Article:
Capabilities and Challenges of Wildfire Response FS Chief Testifies Before Senate Committee

U.S. Forest Service capabilities and challenges in the face of increasingly extreme wildfires were the focus of Chief Tom Tidwell’s recent statement before the Senate Energy and Natural Resources Committee.

“On average, wildfires burn twice as many acres each year as compared to 40 years ago. Last year, the fires were massive in size, coinciding with increased temperatures and early snow melt in the West,” said Tidwell. “The largest issue we now face is how to adapt our management to anticipate climate change impacts and to mitigate their potential effects.”

The Forest Service estimates a total of almost 400 million acres of all vegetated lands are at moderate to high risk from uncharacteristically large wildfires. (Credit:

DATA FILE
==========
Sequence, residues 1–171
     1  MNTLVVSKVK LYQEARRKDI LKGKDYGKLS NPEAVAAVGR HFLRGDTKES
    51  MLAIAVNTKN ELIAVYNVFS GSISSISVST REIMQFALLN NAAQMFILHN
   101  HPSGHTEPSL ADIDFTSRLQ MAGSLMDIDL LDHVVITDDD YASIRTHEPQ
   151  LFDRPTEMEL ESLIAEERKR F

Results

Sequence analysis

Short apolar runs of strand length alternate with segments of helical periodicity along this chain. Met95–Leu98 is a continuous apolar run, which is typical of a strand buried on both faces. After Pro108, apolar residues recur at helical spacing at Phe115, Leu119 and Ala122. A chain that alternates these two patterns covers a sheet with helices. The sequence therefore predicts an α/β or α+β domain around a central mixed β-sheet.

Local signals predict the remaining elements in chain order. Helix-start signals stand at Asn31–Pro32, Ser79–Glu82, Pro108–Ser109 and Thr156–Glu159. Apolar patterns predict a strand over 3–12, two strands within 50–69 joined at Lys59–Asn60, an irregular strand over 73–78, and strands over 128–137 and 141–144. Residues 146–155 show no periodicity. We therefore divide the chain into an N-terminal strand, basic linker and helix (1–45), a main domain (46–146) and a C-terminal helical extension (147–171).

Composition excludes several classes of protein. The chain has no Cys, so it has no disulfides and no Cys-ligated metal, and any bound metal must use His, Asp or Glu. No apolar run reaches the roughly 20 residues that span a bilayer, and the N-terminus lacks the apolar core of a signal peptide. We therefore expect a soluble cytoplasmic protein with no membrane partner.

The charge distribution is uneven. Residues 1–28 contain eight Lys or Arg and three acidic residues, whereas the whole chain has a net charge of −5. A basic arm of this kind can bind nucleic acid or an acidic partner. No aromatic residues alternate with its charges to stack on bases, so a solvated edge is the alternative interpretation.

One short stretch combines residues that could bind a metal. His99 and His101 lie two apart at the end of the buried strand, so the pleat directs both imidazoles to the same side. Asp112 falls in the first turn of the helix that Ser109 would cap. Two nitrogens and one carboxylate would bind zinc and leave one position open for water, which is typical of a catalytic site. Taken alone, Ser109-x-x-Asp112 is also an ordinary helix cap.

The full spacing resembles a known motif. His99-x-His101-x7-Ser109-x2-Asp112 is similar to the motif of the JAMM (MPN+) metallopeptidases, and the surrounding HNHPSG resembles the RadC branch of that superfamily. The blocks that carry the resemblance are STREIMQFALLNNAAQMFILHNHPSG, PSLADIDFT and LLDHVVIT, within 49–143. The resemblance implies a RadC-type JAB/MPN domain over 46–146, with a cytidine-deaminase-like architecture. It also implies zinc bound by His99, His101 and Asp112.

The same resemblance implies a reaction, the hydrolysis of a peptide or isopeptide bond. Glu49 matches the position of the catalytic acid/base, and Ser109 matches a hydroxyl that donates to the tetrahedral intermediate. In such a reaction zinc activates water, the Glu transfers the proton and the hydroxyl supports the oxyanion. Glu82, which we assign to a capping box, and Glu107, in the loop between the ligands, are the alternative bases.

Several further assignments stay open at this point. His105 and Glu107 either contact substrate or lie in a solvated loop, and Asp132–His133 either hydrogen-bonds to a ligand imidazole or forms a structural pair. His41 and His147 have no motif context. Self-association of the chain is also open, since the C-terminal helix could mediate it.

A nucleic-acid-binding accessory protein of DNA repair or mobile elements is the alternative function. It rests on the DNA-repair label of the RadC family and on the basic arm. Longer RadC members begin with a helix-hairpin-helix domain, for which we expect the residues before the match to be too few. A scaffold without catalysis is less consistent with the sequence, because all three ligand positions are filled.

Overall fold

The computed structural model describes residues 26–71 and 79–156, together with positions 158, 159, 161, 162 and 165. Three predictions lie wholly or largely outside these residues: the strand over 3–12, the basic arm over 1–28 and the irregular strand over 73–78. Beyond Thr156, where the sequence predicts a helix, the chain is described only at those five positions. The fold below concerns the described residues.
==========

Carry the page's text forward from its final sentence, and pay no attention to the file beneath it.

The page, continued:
Nearly 400 million acres are at moderate to high risk from uncharacteristically large wildfires. (Photo:

Tidwell highlighted the development of a National Cohesive Wildland Fire Management Strategy, which focuses on restoring fire-adapted ecosystems, building fire-adapted human communities, and responding appropriately to wildfire.

The Chief spoke about the impact of increased fire suppression costs, now nearly half of the entire Forest Service budget, as well as the Agency’s ability to protect life, property, and natural resources in the face of continuing budget challenges.

The Forest Service’s ecosystem restoration projects were also addressed, including the Woody Biomass Utilization Grant program, which has contributed to the treatment of over 500,000 acres and removed and used nearly 5 million green tons of biomass at an average cost of just $66 per acre. The grant program is administered through FPL’s Technology Marketing Unit.

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